By Heather Janssen

SACRAMENTO (CBS13) – Saturday marked the first full day of closures and construction on Highway 99 from 47th Avenue to the Highway 50 connector. People nearby and those passing through were already feeling the impacts.

Commute times doubled, and one person shared with CBS13 that it took them nearly an hour to go a mile on Interstate 5. Though, many are thankful this mess lasts days and not years.

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The crowded side streets were bustling with traffic as the 99 sat empty.

“There’s only one way in to my house and it took me half an hour to go two miles,” said Daren Papas, who lives nearby.

People in nearby neighborhoods were unable to escape the sounds of construction overnight.

READ: Sacramento Highway 99 Closure Now In Place: How To Get Around It

Loud bangs and clangs could be heard by neighbors throughout the early morning hours, and clouds of dust coated nearby cars.

Ahead of any commute, neighbors like Ramon Hungerford packed their patience for this several-day stretch.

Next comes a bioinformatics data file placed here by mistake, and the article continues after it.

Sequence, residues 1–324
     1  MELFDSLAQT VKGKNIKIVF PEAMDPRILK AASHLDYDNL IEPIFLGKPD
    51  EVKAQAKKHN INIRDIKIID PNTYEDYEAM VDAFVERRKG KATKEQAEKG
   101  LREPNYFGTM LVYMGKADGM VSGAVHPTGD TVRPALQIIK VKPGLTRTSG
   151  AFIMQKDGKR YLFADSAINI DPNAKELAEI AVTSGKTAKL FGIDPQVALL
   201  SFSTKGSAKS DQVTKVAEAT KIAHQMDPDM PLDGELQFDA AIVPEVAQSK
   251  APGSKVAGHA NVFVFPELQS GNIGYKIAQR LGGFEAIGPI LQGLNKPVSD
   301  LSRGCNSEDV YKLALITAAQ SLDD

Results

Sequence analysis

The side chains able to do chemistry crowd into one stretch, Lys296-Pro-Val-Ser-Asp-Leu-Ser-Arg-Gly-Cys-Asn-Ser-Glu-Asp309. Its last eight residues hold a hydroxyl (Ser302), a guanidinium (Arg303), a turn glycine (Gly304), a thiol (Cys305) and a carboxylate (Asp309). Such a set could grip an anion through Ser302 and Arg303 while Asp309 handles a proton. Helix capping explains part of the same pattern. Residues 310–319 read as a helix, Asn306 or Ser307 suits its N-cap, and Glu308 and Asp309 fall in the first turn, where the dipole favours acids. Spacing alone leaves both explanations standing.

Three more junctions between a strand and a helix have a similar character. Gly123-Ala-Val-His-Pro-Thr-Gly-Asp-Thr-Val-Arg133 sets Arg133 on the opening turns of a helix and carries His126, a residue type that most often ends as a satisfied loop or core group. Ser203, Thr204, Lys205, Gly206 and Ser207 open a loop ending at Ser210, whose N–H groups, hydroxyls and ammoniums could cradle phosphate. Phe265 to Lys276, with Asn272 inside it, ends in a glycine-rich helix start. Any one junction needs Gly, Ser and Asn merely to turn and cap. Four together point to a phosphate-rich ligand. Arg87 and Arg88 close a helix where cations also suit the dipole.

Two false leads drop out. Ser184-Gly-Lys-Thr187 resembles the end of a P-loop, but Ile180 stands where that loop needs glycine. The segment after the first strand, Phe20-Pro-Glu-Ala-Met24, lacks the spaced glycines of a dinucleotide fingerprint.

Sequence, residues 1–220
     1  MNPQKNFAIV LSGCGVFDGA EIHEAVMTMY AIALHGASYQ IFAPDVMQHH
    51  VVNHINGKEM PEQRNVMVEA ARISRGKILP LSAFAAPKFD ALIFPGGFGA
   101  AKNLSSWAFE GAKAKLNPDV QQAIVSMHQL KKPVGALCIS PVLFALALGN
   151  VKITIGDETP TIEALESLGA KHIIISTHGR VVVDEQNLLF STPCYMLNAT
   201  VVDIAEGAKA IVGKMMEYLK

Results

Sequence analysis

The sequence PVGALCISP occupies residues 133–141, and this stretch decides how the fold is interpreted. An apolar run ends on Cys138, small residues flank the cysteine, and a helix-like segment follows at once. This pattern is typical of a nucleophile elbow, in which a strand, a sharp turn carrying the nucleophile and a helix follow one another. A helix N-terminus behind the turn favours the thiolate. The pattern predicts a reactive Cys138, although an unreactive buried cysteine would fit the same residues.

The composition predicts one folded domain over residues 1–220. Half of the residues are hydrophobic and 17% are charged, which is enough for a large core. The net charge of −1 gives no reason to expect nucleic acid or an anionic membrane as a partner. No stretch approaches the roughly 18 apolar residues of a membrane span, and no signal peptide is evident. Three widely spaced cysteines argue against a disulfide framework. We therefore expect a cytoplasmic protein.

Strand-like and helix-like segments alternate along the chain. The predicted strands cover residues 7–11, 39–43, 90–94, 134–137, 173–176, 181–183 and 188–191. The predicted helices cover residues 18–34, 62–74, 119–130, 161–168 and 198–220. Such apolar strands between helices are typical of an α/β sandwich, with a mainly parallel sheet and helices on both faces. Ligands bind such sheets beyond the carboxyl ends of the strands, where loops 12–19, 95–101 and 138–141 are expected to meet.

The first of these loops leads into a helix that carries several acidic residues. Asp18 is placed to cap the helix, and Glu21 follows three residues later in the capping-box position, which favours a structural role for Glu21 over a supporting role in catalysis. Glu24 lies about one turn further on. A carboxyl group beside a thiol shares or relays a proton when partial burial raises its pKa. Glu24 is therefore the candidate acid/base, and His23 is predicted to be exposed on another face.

“I’m used to it, we sit in traffic anyways,” Hungerford said.

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The traffic troubles are due to full closures in place. Demolition work to replace the bridge deck on 21st Avenue is underway. Saturday was spent drilling into and removing old girders and making room for new ones. Caltrans calls the project “proactive.”

“We decided let’s do it now before it becomes an emergency operation,” said Angela DaPrato, a spokesperson for the transportation agency.

Some people who live nearby decided to skip town, but others stayed put.

“We had plenty of notice,” Papas said.

He was thankful the project is happening in record time, only lasting days and not years.

“Doing it four days versus a year or two years is huge,” DaPrato said.

Caltrans advises all drivers that, especially come Monday, if you don’t need to travel – stay home.

“Use your vacation time, whatever days you have to get out of town,” said DaPrato. “Just give us the space to get the work done.”

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Caltrans said they are still on schedule. They believe if all goes well, this speedy Highway 99 project could set a trend, putting the wheels in motion for other projects like it across the state.

Heather Janssen